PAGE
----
Hughes testified that when the McDaniels came to his office on February 8, 1940, he handed each of them a copy of the agreement. He asserted that they read it, discussed it, fully understood it, and were satisfied with it. He further testified: "Since all parties were satisfied that the agreement did cover accurately exactly what we had agreed upon in our previous discussions, the agreement was signed in triplicate and the will was executed. Mrs. McDaniel was given one of the executed copies of the agreement. They did not wish to take two with them. The other executed copies, one went into the McDaniel file in my files and the other went in my personal papers."

Hughes claimed that he loaned the McDaniels $3,397.01 between February 8, 1940, and December 31, 1948, and $1,485 between April 29, 1949, and March 16, 1951, making a total loan of $4,882.01.

But the chancellor observed that if Mr. and Mrs. McDaniel had both died shortly after the execution of the agreement, Hughes would have acquired property worth $32,500 for $700; whereas if Mrs. McDaniel should die now, Hughes would come into possession of property worth $87,000 in consideration of a loan of about $4,800. The chancellor accordingly entered a decree annulling the agreement and referring the case to an auditor to state an account determining the amount of money advanced by Hughes to the McDaniels, such amount to be a lien on the real estate. Hughes appealed here from that decree.

It is an elementary principle of law that in the execution of a trust the trustee is bound to comply strictly with the directions contained in the instrument defining the extent of his authority and the nature of his powers and duties. Moreover, a trustee is prohibited from placing himself in any position where his self-interest will or may conflict with his duties as trustee, or from using the advantage of his position to gain any benefit for himself at the expense of the beneficiary of the trust. It is accordingly an accepted rule in equity that the presumption is against the validity of any purchase by a trustee from the beneficiary or any other transaction with the beneficiary which might result in a benefit to the trustee. Pairo v. Vickery, 37 Md. 467, 485; Cleveland Clinic Foundation v. Humphrys, 6 Cir., 97 F.2d 849, 121 A.L.R. 163, 172; Magruder v. Drury, 235 U.S. 106, 35 S.Ct. 77, 82, 59 L.Ed. 151.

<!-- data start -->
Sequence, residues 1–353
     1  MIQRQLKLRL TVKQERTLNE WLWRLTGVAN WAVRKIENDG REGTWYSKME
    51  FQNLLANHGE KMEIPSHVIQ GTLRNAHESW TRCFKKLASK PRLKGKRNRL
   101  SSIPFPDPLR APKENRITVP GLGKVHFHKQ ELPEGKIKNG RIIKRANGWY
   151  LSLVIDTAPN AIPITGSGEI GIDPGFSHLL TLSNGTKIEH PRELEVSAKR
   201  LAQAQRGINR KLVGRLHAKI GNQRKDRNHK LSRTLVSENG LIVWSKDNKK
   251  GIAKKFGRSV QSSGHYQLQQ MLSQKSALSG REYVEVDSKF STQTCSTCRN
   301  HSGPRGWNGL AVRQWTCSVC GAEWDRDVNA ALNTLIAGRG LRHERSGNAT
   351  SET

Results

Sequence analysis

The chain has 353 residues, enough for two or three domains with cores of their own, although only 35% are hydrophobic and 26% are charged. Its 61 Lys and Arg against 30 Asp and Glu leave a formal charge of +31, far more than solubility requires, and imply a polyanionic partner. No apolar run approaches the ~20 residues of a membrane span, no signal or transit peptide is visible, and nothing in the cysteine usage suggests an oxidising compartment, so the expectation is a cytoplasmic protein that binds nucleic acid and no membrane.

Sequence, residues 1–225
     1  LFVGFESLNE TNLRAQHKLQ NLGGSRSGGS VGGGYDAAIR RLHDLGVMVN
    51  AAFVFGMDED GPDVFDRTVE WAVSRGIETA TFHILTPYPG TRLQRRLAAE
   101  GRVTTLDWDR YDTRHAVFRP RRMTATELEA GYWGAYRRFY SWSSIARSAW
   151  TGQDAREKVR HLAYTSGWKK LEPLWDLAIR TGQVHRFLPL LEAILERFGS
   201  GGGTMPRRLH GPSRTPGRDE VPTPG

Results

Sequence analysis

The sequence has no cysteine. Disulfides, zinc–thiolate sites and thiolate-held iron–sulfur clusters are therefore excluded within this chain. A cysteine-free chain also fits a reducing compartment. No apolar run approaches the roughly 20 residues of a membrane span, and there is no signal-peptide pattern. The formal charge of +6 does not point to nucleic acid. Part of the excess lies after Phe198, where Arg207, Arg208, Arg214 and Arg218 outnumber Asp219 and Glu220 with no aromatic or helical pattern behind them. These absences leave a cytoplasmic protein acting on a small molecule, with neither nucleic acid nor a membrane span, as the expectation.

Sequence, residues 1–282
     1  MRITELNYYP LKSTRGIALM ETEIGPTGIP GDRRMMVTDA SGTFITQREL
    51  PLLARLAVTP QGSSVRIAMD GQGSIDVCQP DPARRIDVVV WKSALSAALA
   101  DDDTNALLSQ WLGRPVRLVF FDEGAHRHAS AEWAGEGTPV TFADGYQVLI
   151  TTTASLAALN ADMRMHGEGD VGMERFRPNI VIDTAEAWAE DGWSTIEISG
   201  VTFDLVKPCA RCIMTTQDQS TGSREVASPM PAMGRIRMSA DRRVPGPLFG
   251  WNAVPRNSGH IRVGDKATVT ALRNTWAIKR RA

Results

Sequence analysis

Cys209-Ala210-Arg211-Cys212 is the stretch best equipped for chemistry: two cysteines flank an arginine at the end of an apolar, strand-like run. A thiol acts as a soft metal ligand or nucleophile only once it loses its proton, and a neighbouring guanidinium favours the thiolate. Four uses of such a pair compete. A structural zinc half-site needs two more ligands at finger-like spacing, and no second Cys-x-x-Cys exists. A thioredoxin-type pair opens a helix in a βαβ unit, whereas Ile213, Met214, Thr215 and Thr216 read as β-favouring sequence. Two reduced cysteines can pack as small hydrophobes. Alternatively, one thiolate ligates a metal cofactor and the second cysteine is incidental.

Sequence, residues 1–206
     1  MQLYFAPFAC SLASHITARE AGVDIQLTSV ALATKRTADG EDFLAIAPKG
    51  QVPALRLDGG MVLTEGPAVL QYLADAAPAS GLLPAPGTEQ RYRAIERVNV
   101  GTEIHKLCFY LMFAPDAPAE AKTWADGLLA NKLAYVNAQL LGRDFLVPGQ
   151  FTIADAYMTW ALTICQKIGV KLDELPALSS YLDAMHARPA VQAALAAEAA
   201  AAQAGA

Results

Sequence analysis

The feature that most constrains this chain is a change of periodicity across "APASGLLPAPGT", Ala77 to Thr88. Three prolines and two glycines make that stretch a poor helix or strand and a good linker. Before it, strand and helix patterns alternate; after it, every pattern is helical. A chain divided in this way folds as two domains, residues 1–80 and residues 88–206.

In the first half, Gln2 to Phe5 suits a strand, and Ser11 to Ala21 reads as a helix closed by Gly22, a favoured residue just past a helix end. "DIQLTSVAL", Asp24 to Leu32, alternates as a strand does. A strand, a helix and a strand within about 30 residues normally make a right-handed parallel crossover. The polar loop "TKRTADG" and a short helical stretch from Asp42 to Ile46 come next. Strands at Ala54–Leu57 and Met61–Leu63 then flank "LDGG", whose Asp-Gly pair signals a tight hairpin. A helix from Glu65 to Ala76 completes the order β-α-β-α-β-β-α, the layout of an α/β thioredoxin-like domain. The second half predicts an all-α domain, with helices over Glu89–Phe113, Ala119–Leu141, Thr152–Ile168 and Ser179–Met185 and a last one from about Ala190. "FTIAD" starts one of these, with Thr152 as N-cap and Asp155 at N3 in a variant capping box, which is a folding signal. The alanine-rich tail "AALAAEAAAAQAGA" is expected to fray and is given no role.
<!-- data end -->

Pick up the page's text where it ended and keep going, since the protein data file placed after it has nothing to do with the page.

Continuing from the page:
Of course, it is possible for the trustee to overcome the presumption of invalidity. The transaction will be sustained by a court of equity if the trustee shows by convincing evidence that the beneficiary had full information and complete understanding of all the facts concerning the property and the transaction and gave free consent, and that the amount paid was fair and adequate, and that he made the beneficiary a perfectly honest and complete disclosure of all the information which he had concerning the property, and that he has obtained no undue or inequitable advantage, and especially, but not necessarily, if it appears that the beneficiary acted in the transaction upon independent information and advice of some intelligent third person competent to give such advice. Lambdin v. Dantzebecker, 169 Md. 240, 250, 251, 181 A. 353, 102 A.L.R. 277; Hagan v. Dundore, 187 Md. 430, 440.

Transactions for the personal advantage of a trustee who is also acting as the attorney for the beneficiaries, who are inexperienced in the law, are even more improper than similar dealings between laymen. The reason why the doctrine is enforced with the utmost stringency when the trustee is also acting as the attorney is that such transactions are presumably made under the influence, if not the pressure, of legal advice. To sustain such a transaction the trustee must show that there was a full and complete disclosure on his part of all the facts essential to an intelligent understanding by the beneficiaries of the subject matter and the consequences of the transaction. Will of Leonard, 202 Wis. 117, 230 N.W. 715, 83 A.L.R. 712; 3 Pomeroy, Equity Jurisprudence, 5th Ed., sec. 958d.